Native fishes have been hit hard by the drought, with 18 species—including many salmon runs—at high risk of extinction if warm, dry conditions persist. But there are actions we can take now to avert what could be the largest loss of native freshwater fish biodiversity since the arrival of Europeans in California.
The state and federal fish agencies entrusted with preventing these extinctions face formidable challenges. The species at risk cover a very large geographic area and in many regions the options for emergency management actions are limited. Additionally, the total amount of funding allocated to managing the environment during this drought is very modest: $66 million, or roughly 2% of total state drought spending. (We showed this in our report What If California’s Drought Continues? in Table 1.)
The California Department of Fish and Wildlife has taken many actions despite limited resources (see this summary), with more than 30 projects underway. But more can—and should—be done now to prepare for continued drought. Here are some suggestions:
- Initiate an emergency conservation hatchery program. This should start with fish at risk of extinction that are not already the focus of intense conservation. These efforts can be as simple as building temporary holding tanks or as elaborate as temporarily converting production hatcheries to rebuild these populations.
- Establish a robust environmental water emergency fund. This would enable fisheries managers to purchase or trade water to maintain adequate flows and water quality for at-risk fish. It could be modeled after projects by The Nature Conservancy and the Natural Resources Conservation Service. These initiatives use temporary water transfers to flood farm fields in key locations to create waterbird habitat. During times of high stress for native fishes—usually due to low flows and high temperatures—strategic investments that temporarily return water to streams can help keep fish healthy.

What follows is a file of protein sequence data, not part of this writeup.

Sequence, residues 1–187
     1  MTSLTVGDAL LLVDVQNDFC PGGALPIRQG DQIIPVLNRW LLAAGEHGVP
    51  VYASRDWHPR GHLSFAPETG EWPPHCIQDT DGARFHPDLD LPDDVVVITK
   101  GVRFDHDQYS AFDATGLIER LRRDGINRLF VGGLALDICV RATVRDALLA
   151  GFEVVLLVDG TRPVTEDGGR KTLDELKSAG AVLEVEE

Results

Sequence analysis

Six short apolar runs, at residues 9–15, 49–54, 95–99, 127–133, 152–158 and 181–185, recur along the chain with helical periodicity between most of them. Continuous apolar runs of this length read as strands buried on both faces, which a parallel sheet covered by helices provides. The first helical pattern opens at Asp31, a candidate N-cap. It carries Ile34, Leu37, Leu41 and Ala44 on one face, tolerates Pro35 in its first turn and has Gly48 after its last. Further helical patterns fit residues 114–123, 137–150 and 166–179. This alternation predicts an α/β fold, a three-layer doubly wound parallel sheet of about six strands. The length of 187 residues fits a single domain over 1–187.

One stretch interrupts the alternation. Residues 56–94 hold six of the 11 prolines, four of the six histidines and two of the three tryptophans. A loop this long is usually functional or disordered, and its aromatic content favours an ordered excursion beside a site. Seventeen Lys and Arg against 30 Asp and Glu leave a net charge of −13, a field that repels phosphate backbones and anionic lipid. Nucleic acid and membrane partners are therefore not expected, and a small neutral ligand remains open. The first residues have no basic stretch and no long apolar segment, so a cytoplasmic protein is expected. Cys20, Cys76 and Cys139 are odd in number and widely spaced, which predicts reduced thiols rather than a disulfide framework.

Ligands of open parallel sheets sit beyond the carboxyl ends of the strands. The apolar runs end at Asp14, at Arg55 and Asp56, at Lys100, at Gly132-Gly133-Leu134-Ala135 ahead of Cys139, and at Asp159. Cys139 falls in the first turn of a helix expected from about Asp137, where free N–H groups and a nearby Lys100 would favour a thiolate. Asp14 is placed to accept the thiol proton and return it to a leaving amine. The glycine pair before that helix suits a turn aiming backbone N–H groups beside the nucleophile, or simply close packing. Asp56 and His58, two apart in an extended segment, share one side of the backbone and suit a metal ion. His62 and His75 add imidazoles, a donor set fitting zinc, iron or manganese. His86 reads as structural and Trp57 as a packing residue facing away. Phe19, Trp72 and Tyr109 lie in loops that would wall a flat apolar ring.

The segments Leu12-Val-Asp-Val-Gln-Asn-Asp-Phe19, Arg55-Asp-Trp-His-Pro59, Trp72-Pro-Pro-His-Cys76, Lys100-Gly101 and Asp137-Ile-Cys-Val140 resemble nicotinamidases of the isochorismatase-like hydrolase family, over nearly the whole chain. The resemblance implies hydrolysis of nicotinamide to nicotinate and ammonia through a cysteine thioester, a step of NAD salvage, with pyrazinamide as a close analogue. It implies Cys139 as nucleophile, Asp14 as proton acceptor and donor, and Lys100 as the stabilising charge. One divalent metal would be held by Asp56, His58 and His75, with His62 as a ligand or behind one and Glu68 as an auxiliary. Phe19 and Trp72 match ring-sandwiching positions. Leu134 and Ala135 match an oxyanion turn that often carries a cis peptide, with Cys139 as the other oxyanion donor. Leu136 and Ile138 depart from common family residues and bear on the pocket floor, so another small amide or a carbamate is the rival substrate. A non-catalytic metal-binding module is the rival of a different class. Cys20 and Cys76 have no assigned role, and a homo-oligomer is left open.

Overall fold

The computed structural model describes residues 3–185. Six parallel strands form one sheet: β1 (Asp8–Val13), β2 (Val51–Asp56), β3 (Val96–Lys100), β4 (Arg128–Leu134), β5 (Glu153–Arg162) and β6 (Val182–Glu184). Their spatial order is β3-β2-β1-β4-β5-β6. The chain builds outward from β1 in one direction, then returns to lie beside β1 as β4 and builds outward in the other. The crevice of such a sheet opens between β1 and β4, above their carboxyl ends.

- Develop a reservoir drought-operations plan. State and federal agencies should conserve cold, fish-friendly flows at strategic reservoirs next summer. A margin of safety should be built into these allocations to address unusually warm conditions and modeling uncertainties, such as those that decimated winter-run Chinook salmon below Shasta Reservoir the past two years.
- Develop a drought biodiversity management plan. The state should harvest the lessons from management successes and failures during this drought to develop this plan. Environmental management will be more efficient and effective if we have a plan in place before a drought that sets priorities for emergency actions intended to improve species’ resilience. We need to start on this now, while the lessons are fresh.
Many more actions can be taken (examples are outlined in California Species of Special Concern). However, it’s essential that some actions be taken now to prepare for continued drought. While it’s tempting to hope that the record El Niño now building in the Pacific will solve our drought problems, the only sure thing about El Niño is that it is not a sure thing.